Colin Firth talks about playing an old-school spy with nifty moves in Kingsman: The Secret Service

The film is based on the 2012 comic-book series The Secret Service, which was created by the Scottish writer Mark Millar and Watchmen artist Dave Gibbons.

In Kingsman: The Secret Service, Colin Firth plays a genteel secret agent of an elite spy team that has its headquarters in London’s bespoke tailoring street, Savile Row. Courtesy Twentieth Century Fox
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When you think of cinema’s great action heroes, Colin Firth is probably not the first name that springs to mind.

But the star of the BBC TV adaptation of Pride and Prejudice and the Bridget Jones films gets to prove us all wrong in director Matthew Vaughn's new movie, Kingsman: The Secret Service.

Firth plays Harry Hart, a member of an elite British spy team known as “Kingsman”.

“I think the jury is still out on whether I’m an action hero or not,” says Firth, with typical modesty. On the evidence of the film, he could give the James Bond star Daniel Craig a real run for his money.

Kingsman is based on the 2012 comic-book series The Secret Service, which was created by the Scottish writer Mark Millar (who also wrote the comic that inspired Vaughn's superhero yarn Kick-Ass) and Watchmen artist Dave Gibbons.

An old-fashioned but slick adventure, the movie is clearly indebted to suave 1960s television and film spies such as The Avengers' John Steed, Michael Caine's bespectacled Harry Palmer and, of course, early James Bond. As a result, Firth is elegantly cast as the gentlemanly Harry. Even so, going from The King's Speech to Kingsman is quite the leap.

Physically, it’s unlike anything Firth has done on screen.

“I have no athletic history,” he says. “It never occurred to me.”

Born in Hampshire to parents who were academics and teachers, Firth was “not a sporty fellow”, particularly at drama school.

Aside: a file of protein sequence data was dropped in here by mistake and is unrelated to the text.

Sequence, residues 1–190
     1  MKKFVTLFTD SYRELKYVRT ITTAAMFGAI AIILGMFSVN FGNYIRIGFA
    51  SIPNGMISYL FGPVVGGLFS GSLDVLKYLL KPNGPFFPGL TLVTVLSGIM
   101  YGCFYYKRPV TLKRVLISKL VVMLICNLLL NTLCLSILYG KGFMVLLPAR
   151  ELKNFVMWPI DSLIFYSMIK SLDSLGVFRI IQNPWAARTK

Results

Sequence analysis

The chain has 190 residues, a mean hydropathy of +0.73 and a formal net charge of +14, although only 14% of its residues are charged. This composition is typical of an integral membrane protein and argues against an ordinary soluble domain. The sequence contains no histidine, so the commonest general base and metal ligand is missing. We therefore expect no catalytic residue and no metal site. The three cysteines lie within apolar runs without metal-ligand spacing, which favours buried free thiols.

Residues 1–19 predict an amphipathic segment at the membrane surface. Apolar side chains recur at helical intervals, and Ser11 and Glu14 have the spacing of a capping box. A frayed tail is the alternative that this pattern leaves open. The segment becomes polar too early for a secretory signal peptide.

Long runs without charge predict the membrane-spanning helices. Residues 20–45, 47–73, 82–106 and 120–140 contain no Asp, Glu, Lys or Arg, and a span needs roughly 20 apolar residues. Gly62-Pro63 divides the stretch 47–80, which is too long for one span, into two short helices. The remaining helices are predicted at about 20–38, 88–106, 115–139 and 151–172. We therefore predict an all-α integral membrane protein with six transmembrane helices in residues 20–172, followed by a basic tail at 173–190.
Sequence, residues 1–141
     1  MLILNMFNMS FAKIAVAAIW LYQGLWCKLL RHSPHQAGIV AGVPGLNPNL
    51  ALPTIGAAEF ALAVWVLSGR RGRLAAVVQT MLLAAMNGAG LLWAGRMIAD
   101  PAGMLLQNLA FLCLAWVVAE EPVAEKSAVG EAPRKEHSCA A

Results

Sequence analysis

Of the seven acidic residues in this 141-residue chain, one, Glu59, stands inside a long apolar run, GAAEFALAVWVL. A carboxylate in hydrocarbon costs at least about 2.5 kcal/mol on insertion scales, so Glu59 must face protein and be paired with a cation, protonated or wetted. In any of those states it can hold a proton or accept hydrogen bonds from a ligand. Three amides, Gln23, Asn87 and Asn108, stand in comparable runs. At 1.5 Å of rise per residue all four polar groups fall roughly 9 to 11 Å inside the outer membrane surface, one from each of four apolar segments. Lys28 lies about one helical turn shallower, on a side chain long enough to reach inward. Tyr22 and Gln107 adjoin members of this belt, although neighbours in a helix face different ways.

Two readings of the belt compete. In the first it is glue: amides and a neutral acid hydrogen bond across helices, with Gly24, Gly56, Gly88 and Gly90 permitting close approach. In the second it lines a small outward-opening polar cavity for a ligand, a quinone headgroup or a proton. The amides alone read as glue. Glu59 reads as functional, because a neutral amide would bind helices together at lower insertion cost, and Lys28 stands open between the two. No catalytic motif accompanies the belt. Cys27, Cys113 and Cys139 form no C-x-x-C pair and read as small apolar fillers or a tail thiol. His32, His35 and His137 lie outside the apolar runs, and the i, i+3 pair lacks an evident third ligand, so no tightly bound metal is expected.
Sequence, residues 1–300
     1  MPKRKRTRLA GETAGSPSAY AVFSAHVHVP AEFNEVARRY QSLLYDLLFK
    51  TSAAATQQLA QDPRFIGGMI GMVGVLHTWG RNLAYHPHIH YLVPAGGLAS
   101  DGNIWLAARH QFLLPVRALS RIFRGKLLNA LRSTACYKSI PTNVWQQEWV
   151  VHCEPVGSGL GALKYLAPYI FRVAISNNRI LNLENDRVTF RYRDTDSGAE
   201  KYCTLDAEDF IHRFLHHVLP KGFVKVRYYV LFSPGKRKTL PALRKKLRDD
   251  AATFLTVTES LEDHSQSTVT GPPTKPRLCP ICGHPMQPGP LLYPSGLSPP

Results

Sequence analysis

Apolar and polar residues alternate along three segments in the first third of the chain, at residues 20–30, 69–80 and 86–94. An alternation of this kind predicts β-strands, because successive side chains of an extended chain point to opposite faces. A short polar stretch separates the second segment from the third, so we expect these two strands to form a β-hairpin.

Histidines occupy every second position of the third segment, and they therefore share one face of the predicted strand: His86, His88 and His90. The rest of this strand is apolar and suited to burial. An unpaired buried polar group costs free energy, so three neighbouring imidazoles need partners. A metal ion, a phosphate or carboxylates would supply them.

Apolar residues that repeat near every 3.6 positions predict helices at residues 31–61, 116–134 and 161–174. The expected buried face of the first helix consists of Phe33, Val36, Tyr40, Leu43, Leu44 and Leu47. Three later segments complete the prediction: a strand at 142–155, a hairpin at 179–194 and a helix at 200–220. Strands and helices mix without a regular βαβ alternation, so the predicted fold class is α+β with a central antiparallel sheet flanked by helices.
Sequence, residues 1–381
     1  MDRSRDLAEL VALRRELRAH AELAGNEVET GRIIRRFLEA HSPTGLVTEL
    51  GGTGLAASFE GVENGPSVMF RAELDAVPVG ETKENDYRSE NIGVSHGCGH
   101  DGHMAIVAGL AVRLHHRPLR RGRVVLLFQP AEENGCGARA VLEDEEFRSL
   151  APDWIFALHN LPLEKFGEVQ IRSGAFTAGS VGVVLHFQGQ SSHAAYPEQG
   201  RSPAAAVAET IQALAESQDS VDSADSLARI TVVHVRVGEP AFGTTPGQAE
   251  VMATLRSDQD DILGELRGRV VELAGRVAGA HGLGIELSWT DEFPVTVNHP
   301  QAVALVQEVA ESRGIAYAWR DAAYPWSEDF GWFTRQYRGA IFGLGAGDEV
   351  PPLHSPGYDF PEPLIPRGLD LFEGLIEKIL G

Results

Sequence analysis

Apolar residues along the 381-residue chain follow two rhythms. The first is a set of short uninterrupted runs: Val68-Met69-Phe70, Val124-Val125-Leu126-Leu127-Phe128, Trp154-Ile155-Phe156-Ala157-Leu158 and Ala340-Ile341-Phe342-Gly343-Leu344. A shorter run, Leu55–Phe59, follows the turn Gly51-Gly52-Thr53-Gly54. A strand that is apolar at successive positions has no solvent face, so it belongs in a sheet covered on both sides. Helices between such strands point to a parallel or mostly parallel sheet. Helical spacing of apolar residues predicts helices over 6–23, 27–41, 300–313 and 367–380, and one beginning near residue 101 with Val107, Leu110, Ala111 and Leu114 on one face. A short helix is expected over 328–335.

“There were two kinds of drama student,” he says. “There was the kind who came every day in their sweat gear and did workouts and backflips, and the other kind who took their recreation sitting down, in a more sedentary way. I was definitely in the latter category.”

Despite looking trim, the 55-year-old admits it “hurt” to be introduced to a rigorous training regime at his age.

“I’ve done my bit of exercise just to stave off gravity over the last 10 years, but nothing like this,” he says. “I had 10 guys [with me] every day for three hours, and it was the league of extraordinary gentleman. They were all specialists at something. The six-time world-champion Thai boxer. Another was Jackie Chan’s trainer. Two Olympic-gymnast gold medallists. Military special-forces guy for the gun stuff. And this was all complete algebra to me. I had no concept of any of it.”

After a "month of agony", the actor who won an Oscar for playing a stammering monarch in The King's Speech began to shape up.

“To my immense surprise, I actually started to love it as much as I loved anything I’ve ever done,” he says.

His exuberance pours from the screen, not only as he dispatches villains with some nifty moves, but through his performance, too. And after filming was complete, he had withdrawal symptoms.

“I missed it terribly when it was over – and I still miss it,” he says. “There’s no way you can replicate that. I still exercise. But I can’t do it to that intensity, because I don’t have 10 guys and I’m not going to do three hours a day anymore.

“But this was for a specific purpose and exercise for a specific purpose feels very different. It’s not just pumping iron or being on a treadmill and going nowhere if you’re training for something.”

Doubtless, his wife, the Italian-­born Livia Giuggioli, approved of Firth's newfound fitness. But he isn't getting too excited about the prospect of a late career switch to action hero, as we have seen with Liam Neeson. When it comes to changes in genre and tone – such as his recent post-Oscar role in Woody Allen's Magic in the Moonlight – he says that they ebb and flow.

“I think I’d have to look back over the whole thing and spot what might’ve changed [in my career] but I can’t in the middle of it. I don’t feel that it has,” he says.

He has returned to a more typical Colin Firth role since completing Kingsman, playing Maxwell Perkins, the literary editor whose clients included F Scott Fitzgerald and Ernest Hemingway, in the forthcoming film, Genius.

But in his newfound thirst for more physical roles, Firth has been linked to a planned project about the yachtsman Donald Crowhurst.

Firth, though, dismisses any notion that he’s any tougher in real life than he was before.

“It won’t help me fight anybody,” he says with a smile. “I wouldn’t stand a chance.”

Kingsman: The Secret Service opens in cinemas on Thursday, February 12

artslife@thenational.ae

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